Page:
Tuesday, February 6, 2018

The Wondrous David Hockney

Portrait of an Artist (1972)
There is a beautiful exhibition of the work of David Hockney now up at the Metropolitan Museum of Art in New York City through February 25th and I highly recommend it. The renowned British artist is now in his 80th year and this retrospective highlights his greatest work over the last 50 years. It's so interesting to view it because one can see, from the very beginning in the Sixties, the themes that run through Hockney's painting - the signature pink and green and blue colors, depictions of water and swimming pools, a chic take on people, and a robust sensuality. He's been consistent.
I've always been a fan of David Hockney's. Many years ago my friend Jim Reginato took me to a party when the artist had a new book out. I bought the book and I wanted Hockney to sign it for me but he was being monopolized by a woman photographer who shall go unnamed. Jim said to me, "Go interrupt them and ask him to sign it. That's what book parties are for." But I didn't and regret it. I wish I had a signed book! New York City is not a place for shy people.
I still love to look at Hockney's work. It's like a trip to a warm, tropical place when it's frigid winter in New York –
The Bigger Splash (1967)

Hockney went to art school in London and then moved to L.A. where he was taken with the nice weather and the beautiful people. With Hockney's work you get happy colors and a joy for living. You can almost feel the warm air.
I love the perspective of this early painting below, from the point of view of the swimmer in the pool as he looks across the rippling water and up the stairs. You see already Hockney's blue, brick, green, and pink –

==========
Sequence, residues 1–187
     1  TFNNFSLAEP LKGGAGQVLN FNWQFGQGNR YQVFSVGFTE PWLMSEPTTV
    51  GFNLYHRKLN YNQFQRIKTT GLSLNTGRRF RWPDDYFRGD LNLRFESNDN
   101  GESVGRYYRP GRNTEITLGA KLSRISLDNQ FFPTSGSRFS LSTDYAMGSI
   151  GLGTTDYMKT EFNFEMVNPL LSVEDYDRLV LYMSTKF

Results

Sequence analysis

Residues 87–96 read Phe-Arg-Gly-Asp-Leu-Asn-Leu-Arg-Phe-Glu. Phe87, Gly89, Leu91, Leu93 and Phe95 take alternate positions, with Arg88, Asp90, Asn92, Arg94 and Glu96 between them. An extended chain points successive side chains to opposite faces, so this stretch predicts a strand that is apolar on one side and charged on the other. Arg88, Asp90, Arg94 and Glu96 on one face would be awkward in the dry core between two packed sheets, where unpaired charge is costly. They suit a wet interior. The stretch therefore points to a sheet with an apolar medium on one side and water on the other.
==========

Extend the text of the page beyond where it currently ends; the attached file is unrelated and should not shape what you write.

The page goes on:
Pool and Steps, Le Nid du Duc (1971)

These same colors move inside too with Hockney's large double portraits. Here is on the right Christopher Isherwood, who wrote The Berlin Stories, upon which Cabaret was based, with his younger boyfriend painter Don Bachardy on the left. Interesting how Isherwood is looking at Bachardy and Bachardy is peering out at the viewer.
Christopher Isherwood and Don Bachardy (1968)

This is a small drawing of Hockney's friend the fashion designer Ossie Clark looking chic in a Fair Isle sweater.

Hockney moved back to England but he took his California colors with him. Here is David Hockney's version of winter with wonderful pinks, green and oranges –
A Closer Winter Tunnel (2006)

Summer version of the English landscape - earthy, rich and ripe. This scene reminds me of the farms of upstate New York where I grew up. These paintings were broken into six panels so that Hockney could easily transport them. 

Hockney has moved back to L.A. and is still painting pictures of his residence there.
Garden #3 (2016)

This exhibition makes you want to go home and paint your walls pink and your floors blue.
If you lived with one of these paintings you'd always be happy. Long may Hockney reign.